11.  The Joint Committee considered that the conventions governing the relationships between the two Houses should be set out in a Concordat between them. This would take the form of parallel, identical resolutions agreed by each House, setting out the conventions as they currently stand (or with any agreed changes) so that they are clearly and publicly stated. [Joint Committee Report, Recommendations 6.15-16; paragraphs 89, 93]. They could be reviewed thereafter, and any new conventions (or modifications of existing ones) could be promulgated under the Concordat. In line with the report of the Joint Committee chaired by Lord Cunningham in 2006, the Joint Committee on the Bill proposed that work should begin as soon as possible, for completion after 2015. These proposals are not in the Bill (and by definition are outside statute). The Government has said that it would be open to the new House to pursue this approach after 2015 (see above); although the question arises whether it would not be more beneficial to achieve a wider understanding from the outset as to the political framework in which the new House would be expected to operate.


12.  The role and functions of the second chamber (which the Bill does not change) are secondary ones. In the Campaign’s view, the second chamber should have five main roles, only one of which adds to those of the present House of Lords. It should:


a.    remain a revising chamber with the power to ask the House of Commons, or the Government, to think again on an issue in primary or secondary legislation;


b.    scrutinise Government, both as to the detail of issues and in relation to larger-scale or long-term questions;


c.    inquire into issues of national concern, that transcend party debate or that raise issues outside politics;


d.    act as a forum in which the nations and regions of the UK are represented and can have a voice at UK level that they currently lack (the new role);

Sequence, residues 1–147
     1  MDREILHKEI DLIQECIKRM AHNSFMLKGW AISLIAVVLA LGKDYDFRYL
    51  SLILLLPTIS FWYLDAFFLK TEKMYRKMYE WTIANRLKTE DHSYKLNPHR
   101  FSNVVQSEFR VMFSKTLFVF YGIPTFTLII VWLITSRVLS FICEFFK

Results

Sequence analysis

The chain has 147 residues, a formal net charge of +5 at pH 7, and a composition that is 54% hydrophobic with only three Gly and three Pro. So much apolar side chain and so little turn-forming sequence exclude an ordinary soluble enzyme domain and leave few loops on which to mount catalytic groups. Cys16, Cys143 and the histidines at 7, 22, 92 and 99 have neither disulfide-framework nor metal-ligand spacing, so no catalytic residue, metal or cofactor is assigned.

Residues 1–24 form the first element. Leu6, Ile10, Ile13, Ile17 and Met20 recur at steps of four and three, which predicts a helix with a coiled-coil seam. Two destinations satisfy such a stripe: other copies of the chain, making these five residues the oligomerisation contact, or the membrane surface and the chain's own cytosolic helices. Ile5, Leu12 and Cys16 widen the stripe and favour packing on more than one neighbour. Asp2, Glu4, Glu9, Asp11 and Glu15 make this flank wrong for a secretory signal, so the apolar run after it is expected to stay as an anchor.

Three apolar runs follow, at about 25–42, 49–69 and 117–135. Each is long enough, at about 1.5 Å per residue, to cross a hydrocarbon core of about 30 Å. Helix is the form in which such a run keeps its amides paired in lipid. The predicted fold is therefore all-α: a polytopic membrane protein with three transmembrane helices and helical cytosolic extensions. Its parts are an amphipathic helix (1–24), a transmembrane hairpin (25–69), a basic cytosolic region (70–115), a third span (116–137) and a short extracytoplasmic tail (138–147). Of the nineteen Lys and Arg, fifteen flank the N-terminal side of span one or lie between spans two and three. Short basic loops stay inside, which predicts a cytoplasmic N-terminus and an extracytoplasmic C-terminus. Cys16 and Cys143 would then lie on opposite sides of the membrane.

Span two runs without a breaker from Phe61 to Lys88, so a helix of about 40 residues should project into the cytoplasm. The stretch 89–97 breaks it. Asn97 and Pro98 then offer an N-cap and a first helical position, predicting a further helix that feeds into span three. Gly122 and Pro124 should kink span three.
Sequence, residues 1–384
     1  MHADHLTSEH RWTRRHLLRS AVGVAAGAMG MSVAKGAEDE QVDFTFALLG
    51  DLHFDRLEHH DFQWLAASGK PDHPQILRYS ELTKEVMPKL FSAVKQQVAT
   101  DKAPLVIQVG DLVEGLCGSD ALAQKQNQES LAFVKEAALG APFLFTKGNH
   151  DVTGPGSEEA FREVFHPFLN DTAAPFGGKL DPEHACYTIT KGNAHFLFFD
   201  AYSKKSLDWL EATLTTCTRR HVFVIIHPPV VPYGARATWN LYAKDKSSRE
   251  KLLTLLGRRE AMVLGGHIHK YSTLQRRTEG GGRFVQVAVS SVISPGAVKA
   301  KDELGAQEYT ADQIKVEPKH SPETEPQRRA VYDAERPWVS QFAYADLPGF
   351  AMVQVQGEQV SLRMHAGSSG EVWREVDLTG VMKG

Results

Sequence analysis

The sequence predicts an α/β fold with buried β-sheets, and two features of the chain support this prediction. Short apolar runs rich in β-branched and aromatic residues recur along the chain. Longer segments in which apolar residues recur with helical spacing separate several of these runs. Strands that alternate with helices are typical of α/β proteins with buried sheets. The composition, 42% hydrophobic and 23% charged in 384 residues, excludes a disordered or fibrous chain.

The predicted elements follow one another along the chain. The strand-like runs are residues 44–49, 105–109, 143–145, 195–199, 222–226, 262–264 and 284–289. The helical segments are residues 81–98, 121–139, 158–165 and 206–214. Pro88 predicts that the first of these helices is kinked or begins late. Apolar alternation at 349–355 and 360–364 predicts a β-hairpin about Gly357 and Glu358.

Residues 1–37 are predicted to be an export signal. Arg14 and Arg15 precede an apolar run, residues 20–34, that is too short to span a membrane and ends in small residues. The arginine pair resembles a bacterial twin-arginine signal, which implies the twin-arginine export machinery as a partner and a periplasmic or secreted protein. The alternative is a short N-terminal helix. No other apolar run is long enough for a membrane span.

e.    continue to act as a constitutional longstop, including continuing to hold a power of absolute veto over a Bill to extend the life of a Parliament beyond five years. 


13.  These roles, and the functions to carry them out, do not include those things that we reserve to the House of Commons and to MPs:


a.    choosing and maintaining a Government;

b.    forming that government, and providing most of its Ministers (including the senior ones);

c.    controlling public spending; and,

d.    having the final say over legislation.  

14.  Those who claim that elected members would automatically seek to exercise their powers to the limit, and could challenge the Commons, fail to take account of the fact that the role of the second chamber would be more limited than that of the Commons, and that any attempt to claim a larger role would fly in the face of the public and political consensus, backed by the Parliament Acts and the conventions, that the House of Commons has primacy.


15.  Opponents often assume that the primacy of the Commons rests on its having been the only elected House. In fact, the Commons’ primacy over finance pre-dates the mass franchise by some 150 years. Similarly, the gradual assertion in the 19th century of Commons’ primacy over legislation began before the mass franchise. Even by 1911, when the first Parliament Act was passed, the first extension of the franchise to women was still seven years away.


16.  There has been a concern that elected members of a second chamber could interfere with the constituency role of MPs. This risk has been exaggerated. The roles are different, with the members of the second chamber not expected to undertake constituency work. Even if they wanted to intervene in local casework, an elected member of the second chamber with an electorate of the size of a region, and who has been elected from a regional list, is unlikely to be able to do so to any significant extent in any given area of the size of a Commons constituency. Members of the European Parliament have not significantly affected the constituency role of MPs for the same reason, despite initial fears that they would do so.


17.  While members of the public approach peers now, this is more usually over policy questions rather than over personal issues or problems with public services leading to casework; and this pattern can be expected to continue.


 (v) Previous votes in the House of Commons


  1. In March 2007, the previous House of Commons on a free vote decided in favour of a democratic second chamber by decisive majorities: 337 votes to 224 (100% elected) and 305 to 267 (80% elected).


  1. In the Joint Committee, the majority of MPs from all parties supported the key principle that “the reformed second chamber of legislature should have an electoral mandate”, with only one MP (Eleanor Laing MP) opposed to that statement (Draft House of Lords Reform Bill, Joint Committee report, Vol 1, page 150);